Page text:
What are the strategies of the auction houses with regard to the primary market? Whilst Sotheby’s goes public with a straight-fromthe-studio sale and is rumoured to be courting Takashi Murakami, Christie’s buys the multi-location primary gallery Haunch of Venison.

According to Haunch’s director, “The two auction houses have entirely different approaches and relationships. Christie’s vision is more considered. It recognises the best interests of artists themselves. Damien is one of the few who could pull this off.”

Interestingly, Phillips de Pury aligns itself with Sotheby’s move as senior partner, Michaela Neumeister, asserts, “This Hirst sale would have been a perfect project for Phillips. It’s so fast-forward. We have been the crossover pioneers of morphing business models. Art is all about transforming and border testing, but the dealer logic has been very conservative.”

However, when artists become their own dealers, Dr Neumeister says, “I worry for their freedom and their peace of mind. It’s time consuming and distracting. That’s why it’s great Damien has his alter ego. Frank Dunphy [the artist’s business manager] is a genius.”

What will the auction contain? The answer to this question is the key to the success or failure of this high-risk event. With its solid gold eighteen-carat hooves and horns, The Golden Calf is either a decadent masterpiece or a derivative work targeting a nouveau billionaire. In the end, it is important to note that the sale is not guaranteed and to remember that Hirst’s personal collection is called “Murder Me”.

So, one must agree with Sotheby’s Oliver Barker when he declares, “Damien is totally fearless. He’s not just an outstanding artist, he’s a cultural phenomenon.”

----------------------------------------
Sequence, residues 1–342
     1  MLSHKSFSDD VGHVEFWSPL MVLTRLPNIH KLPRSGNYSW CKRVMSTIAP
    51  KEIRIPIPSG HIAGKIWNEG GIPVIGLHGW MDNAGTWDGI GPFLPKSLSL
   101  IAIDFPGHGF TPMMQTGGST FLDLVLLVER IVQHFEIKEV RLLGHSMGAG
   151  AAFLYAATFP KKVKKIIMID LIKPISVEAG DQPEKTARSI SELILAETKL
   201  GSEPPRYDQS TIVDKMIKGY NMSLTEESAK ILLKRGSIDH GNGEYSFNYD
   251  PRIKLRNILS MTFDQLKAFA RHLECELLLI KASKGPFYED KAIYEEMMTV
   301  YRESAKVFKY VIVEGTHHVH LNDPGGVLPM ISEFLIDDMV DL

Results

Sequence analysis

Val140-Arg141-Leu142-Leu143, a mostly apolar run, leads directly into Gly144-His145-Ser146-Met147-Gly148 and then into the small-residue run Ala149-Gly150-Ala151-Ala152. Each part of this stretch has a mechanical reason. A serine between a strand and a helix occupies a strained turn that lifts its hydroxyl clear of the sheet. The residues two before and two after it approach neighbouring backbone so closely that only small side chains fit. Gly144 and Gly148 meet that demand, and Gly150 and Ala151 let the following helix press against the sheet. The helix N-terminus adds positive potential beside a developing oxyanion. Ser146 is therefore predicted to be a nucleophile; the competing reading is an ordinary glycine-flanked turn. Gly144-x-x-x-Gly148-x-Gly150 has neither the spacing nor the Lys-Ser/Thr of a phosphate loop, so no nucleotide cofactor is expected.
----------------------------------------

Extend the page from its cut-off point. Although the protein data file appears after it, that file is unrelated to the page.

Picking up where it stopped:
The Art Newspaper

Wanted: buyer for Hitler’s statue

A sculpture by Fritz Röll, once owned by the Führer, was rejected by Sotheby’s but is now being offered by a private dealer

A sculpture bought by Hitler in 1939 was offered for sale by London dealer Simon Wingett for £150,000 ($233,000) last month. The marble work, by Fritz Röll (1879-1956), was to have been sold at Sotheby’s in 2004, but was withdrawn when the auction house discovered it had been owned by Hitler.

Hitler visited the pro-Nazi Great German Art Exhibition in Munich in 1939, and decided to buy the idealised, near-life size naked figure tying its sandals. The work, made sometime between 1910 and 1914, is regarded as Röll’s masterpiece. What happened to the sculpture after Hitler’s death is un­known.

The sculpture was recently consigned to Sotheby’s, and was offered at their Sussex saleroom in a sale of garden statuary on 28 September 2004 (lot 287).

Although identified in the catalogue as a Röll, the work’s original title (Sandalenbind­er) was not given and it was described simply as a Naked Classical Athlete. The estimate was £8,000-£12,000.

Shortly before the sale, Sotheby’s was contacted by a descendant of the sculptor in Germany, who pointed out that it was the long-lost work which had once belonged to Hitler. The auctioneers decided that it would be unwise to sell the piece and it was withdrawn on the eve of the auction.

Sotheby’s then put several potential bidders in touch with the consignor, a minor dealer in the Czech Republic. Shortly afterwards the Röll was bought by UK conservator and part-time dealer Imogen Paine, along with two colleagues. Earlier this year they asked Wrexham dealer Simon Wingett to sell it, and it was the highlight of his stand at the Olympia International Art & Antiques fair in June and the Lapada fair the previous month. The work was priced at around £150,000 ($295,000) and did not sell at Olympia.

The post-war whereabouts of the sculpture remain a mystery. All that is known is that the Czech dealer had acquired it from a fellow countryman who had lived in Vienna.